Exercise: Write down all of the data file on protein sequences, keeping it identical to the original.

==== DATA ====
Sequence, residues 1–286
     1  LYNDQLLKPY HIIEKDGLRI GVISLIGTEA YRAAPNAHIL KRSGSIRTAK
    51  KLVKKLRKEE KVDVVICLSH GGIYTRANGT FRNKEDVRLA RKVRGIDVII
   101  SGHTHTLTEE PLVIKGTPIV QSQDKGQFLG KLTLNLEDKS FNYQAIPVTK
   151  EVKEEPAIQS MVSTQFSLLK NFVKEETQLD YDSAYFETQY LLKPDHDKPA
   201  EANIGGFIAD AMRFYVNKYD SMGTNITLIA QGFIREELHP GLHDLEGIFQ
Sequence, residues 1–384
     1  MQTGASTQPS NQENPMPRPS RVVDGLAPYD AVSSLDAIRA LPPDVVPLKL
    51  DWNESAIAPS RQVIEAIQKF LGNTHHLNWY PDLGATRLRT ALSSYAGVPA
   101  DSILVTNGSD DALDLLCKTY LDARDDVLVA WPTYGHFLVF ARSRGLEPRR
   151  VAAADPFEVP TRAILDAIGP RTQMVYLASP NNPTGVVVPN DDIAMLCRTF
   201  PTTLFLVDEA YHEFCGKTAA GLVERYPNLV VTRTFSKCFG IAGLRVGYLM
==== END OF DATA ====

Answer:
Sequence, residues 1–286
     1  LYNDQLLKPY HIIEKDGLRI GVISLIGTEA YRAAPNAHIL KRSGSIRTAK
    51  KLVKKLRKEE KVDVVICLSH GGIYTRANGT FRNKEDVRLA RKVRGIDVII
   101  SGHTHTLTEE PLVIKGTPIV QSQDKGQFLG KLTLNLEDKS FNYQAIPVTK
   151  EVKEEPAIQS MVSTQFSLLK NFVKEETQLD YDSAYFETQY LLKPDHDKPA
   201  EANIGGFIAD AMRFYVNKYD SMGTNITLIA QGFIREELHP GLHDLEGIFQ
Sequence, residues 1–384
     1  MQTGASTQPS NQENPMPRPS RVVDGLAPYD AVSSLDAIRA LPPDVVPLKL
    51  DWNESAIAPS RQVIEAIQKF LGNTHHLNWY PDLGATRLRT ALSSYAGVPA
   101  DSILVTNGSD DALDLLCKTY LDARDDVLVA WPTYGHFLVF ARSRGLEPRR
   151  VAAADPFEVP TRAILDAIGP RTQMVYLASP NNPTGVVVPN DDIAMLCRTF
   201  PTTLFLVDEA YHEFCGKTAA GLVERYPNLV VTRTFSKCFG IAGLRVGYLM